Corby is a medium sized town in the county of Northamptonshire, England. According to the figures released in 2010, Corby has the fastest growing population in both Northamptonshire and the whole of England. So, there must be something happening here that’s drawing the nation’s attention, other than being voted the unhappiest place and having too many grumpy old men! Certainly there’s no shortage of exciting games and rides happening here. Whether it’s go-karting, simulated Grand-Prix racing, or the real oval track racing experience you’re looking for, you’ll find it in Corby.
Corby was at one time locally known as “Little Scotland”. This was due to the large number of Scottish migrant workers who flocked to Corby for its steelworks. However, Corby has recently undergone a large regeneration process due to the opening of Corby railway station
The town and surrounding area is quite old. Both, Mesolithic and Neolithic artefacts have been found in the area surrounding Corby. There have also been human remains found which date back to the Bronze Age. These were found at Cowthick in 1970.
Our first real evidence of there being a permanent settlement on this site comes from the eighth century when Danish invaders arrived and the settlement became known as “Kori’s by” or Kori’s settlement. We know that it was recorded in the Domesday Book of 1086 as “Corbei”. Corby’s emblem, the raven, derives from an alternative meaning of this word.
Henry III granted Corby the right to hold two annual fairs and a market in 1226. In 1568 Corby was granted a charter by Elizabeth I that exempted local landowners from tolls and dues. She gave all men the right to refuse to serve in the local militia. A popular legend is that the Queen was hunting in Rockingham Forest when she either fell from her horse or became trapped in a bog whilst riding. Upon being rescued by villagers from Corby she granted the charter in gratitude for her rescue. Another popular explanation is that it was granted as a favour to her alleged lover Sir Christopher Hatton.
Every twenty years, the Corby Pole Fair is an event that has taken place since 1862 in celebration of the charter. According to a newspaper report dated 14 June of 1862 which focused on the extravagances of the fair, the fugitive slave John Anderson was described as being educated in the Corby British School, which gave the town an unusual link to slavery in the United States.
The next pole fair is to be held in 2022. I don’t know about you, but I plan on being there! And you can bet your bottom dollar that I’ll be enjoying my favourite e-liquids from Medusa Juice while I am there.
We have proof that the local area has been worked for iron ore since Roman times. With the discovery of major ironstone beds, the ironstone industry developed in the 19th century with the coming of the railways. By the year 1910, an ironstone works had been established. 1931 saw Corby as a small village with a population of around 1,500 citizens living there. It grew very quickly into a reasonably sized industrial town, when the owners of the ironstone works, the steel firm Stewarts & Lloyds, decided to build a large integrated ironstone and steel works in town.
Construction in 1934 drew workers from all over the country including many workers from the depressed west of Scotland and Irish labourers. The first steel was produced in October 1935 and for decades afterwards the steel works dominated the town. By 1939, the population had grown to around 12,000, at which time Corby was thought to be the largest “village” in the country, but it was at that point that Corby was re-designated an urban district. Typical, isn’t it? You just get something working one way and they change it up on you.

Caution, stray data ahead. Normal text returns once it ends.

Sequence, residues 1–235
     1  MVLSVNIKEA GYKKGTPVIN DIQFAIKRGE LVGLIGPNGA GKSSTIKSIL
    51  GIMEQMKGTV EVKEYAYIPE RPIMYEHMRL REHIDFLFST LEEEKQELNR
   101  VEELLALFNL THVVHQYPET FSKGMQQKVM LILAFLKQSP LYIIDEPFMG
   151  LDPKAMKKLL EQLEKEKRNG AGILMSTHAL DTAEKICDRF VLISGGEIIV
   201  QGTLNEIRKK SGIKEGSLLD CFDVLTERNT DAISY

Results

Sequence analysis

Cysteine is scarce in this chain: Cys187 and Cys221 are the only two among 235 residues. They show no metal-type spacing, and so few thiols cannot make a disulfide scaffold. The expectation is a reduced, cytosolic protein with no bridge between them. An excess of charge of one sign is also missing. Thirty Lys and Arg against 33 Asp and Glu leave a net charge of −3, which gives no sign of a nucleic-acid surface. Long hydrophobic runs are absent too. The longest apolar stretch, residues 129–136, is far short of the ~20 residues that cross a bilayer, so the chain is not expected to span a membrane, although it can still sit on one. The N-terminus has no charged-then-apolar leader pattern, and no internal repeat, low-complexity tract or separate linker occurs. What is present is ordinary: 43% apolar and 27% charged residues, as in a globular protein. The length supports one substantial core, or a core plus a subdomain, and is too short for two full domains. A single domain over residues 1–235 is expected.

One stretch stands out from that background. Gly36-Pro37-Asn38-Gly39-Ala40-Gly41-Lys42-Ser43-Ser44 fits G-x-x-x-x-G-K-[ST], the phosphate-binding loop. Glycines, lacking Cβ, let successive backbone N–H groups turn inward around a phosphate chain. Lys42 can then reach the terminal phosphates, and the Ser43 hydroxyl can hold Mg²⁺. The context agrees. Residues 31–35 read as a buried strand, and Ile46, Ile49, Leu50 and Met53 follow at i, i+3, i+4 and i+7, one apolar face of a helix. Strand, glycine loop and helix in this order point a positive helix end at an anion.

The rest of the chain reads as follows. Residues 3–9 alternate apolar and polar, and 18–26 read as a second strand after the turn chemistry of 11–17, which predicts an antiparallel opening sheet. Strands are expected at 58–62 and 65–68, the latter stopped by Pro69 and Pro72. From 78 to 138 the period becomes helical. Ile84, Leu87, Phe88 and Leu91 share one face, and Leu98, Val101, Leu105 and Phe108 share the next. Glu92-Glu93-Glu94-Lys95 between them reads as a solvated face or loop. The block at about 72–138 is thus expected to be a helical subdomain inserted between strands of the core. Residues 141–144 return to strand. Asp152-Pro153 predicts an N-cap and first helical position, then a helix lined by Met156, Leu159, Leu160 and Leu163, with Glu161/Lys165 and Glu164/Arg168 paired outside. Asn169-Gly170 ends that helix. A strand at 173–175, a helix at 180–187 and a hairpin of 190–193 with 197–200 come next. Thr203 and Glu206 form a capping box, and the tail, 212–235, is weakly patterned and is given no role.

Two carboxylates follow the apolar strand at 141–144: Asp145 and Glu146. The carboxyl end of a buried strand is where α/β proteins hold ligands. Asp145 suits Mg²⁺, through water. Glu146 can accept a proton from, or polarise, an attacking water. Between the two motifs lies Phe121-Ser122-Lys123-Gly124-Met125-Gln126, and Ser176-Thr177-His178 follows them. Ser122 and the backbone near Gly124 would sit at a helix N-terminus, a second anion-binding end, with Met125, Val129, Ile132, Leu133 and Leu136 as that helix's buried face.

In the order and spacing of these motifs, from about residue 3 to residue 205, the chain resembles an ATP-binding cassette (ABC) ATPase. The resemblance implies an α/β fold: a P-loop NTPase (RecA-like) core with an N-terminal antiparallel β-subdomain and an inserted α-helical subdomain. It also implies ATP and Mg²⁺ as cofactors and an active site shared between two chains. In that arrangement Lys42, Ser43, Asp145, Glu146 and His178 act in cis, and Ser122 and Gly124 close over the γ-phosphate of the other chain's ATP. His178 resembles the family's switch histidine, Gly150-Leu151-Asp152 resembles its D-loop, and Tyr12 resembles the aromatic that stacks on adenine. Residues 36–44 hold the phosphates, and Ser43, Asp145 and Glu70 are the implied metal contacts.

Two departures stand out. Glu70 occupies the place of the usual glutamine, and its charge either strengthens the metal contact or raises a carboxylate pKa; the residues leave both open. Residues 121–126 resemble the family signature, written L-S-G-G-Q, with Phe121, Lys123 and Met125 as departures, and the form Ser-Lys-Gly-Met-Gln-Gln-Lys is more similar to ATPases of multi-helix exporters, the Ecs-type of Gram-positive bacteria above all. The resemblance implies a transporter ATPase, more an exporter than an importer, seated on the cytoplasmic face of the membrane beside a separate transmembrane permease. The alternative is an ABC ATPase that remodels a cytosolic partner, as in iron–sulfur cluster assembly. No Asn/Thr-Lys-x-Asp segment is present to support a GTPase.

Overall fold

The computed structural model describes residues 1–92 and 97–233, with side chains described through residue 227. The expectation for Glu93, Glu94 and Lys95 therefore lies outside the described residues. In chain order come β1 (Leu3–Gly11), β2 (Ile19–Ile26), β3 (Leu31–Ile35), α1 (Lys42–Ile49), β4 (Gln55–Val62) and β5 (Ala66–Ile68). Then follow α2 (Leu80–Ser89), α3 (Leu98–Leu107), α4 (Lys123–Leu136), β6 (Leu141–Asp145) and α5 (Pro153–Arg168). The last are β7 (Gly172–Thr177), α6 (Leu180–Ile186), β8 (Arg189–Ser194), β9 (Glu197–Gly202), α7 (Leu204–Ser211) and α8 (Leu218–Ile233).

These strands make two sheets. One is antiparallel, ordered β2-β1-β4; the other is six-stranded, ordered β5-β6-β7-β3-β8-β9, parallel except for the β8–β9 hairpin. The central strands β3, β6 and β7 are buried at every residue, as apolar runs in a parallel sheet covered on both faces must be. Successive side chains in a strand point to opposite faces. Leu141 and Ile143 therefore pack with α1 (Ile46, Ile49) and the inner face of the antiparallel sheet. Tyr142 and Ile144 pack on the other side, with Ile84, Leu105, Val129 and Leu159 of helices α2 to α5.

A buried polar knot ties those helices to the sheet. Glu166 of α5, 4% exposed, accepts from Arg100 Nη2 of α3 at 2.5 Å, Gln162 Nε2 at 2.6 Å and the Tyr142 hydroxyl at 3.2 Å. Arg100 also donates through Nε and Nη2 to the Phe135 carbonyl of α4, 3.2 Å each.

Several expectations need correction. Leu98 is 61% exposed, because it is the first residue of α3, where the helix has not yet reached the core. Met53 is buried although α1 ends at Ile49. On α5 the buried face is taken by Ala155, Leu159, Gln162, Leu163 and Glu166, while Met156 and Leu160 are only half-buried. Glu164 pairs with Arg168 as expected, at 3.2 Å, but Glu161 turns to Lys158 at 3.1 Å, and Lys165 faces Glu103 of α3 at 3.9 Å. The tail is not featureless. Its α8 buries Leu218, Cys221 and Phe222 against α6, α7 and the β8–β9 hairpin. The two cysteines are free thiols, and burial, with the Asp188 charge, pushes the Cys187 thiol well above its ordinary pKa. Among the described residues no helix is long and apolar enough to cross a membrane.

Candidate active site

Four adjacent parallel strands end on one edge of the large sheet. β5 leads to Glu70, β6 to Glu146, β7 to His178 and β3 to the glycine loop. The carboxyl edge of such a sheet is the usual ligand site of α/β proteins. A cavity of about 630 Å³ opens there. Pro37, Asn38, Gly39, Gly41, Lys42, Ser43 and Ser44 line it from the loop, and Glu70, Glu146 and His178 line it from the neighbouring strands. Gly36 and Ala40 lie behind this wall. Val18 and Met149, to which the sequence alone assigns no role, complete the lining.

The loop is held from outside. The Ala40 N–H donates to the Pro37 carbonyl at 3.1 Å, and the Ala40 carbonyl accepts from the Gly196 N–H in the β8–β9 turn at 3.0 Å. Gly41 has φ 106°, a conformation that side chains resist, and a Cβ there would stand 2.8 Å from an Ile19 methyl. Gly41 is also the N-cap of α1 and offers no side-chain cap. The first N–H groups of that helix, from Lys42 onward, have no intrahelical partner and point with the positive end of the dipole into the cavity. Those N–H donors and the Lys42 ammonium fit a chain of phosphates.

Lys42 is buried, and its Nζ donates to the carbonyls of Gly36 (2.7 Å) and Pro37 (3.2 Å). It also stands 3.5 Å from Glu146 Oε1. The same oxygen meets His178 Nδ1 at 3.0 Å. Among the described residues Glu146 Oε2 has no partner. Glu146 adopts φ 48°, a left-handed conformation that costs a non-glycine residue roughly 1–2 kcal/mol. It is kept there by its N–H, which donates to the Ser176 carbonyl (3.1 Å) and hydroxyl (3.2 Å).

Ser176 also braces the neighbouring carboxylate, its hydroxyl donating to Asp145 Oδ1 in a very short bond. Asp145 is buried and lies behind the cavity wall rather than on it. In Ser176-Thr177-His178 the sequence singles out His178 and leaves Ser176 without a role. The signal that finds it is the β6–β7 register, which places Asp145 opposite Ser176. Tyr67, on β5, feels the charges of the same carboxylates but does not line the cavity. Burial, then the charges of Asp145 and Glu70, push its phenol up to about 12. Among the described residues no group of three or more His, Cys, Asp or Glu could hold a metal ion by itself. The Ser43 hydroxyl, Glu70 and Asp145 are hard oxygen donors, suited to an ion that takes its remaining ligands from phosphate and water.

You won’t have to worry about Medusa Juice pulling the rug out from under you. Our commitment and dedication remain the same, no matter what. You just can’t find better deals on the very best juices and equipment than you will at our shops. We’re here for you anytime.
During the Second World War, most suspected that the Corby steelworks would be a target for German bombers, but in the event there were only a few bombs dropped by solitary planes and there were no casualties. There may be a perfectly logical and very clever reason for this, however. It may very well be because the entire area was blanketed in huge dense black, low-lying clouds created artificially by intentionally burning oil and latex to hide the glowing Bessemer converter furnaces at the steelworks from German bomber crews.
The only known remaining scars from those German attacks can be found in the form of bullet holes which are visible on the front fascia of the old post office in Corby village. The Corby steelworks made a notable contribution to the war effort by manufacturing the steel tubes used in Operation Pluto (Pipe Line Under the Ocean) to supply fuel to Allied forces on the European continent.
In 1950, Corby was then designated a New Town with William Holford as its architect. In 1951, he prepared the development plan with a car-friendly layout and many areas of open space and woodland. In 1952, Holford produced the town centre plan and in 1954 the layout for the first 500 houses. Corby then underwent its second wave of expansion, mainly from Scotland.
One Last Thing
The Savoy and Core cinema provide excellent venues for theatre and entertainment of all sorts. Corby hadn’t slacked on its duty to the townspeople to provide arts and entertainment. They also have fantastic parks and wildlife shelters. You can go boating while in town, walk the stone streets soaking up the town’s ambiance or sit in a pub, go bowling, play tennis and a hundred other recreational activities. But keep in mind that whatever you choose will go better with Medusa Juice e-liquids.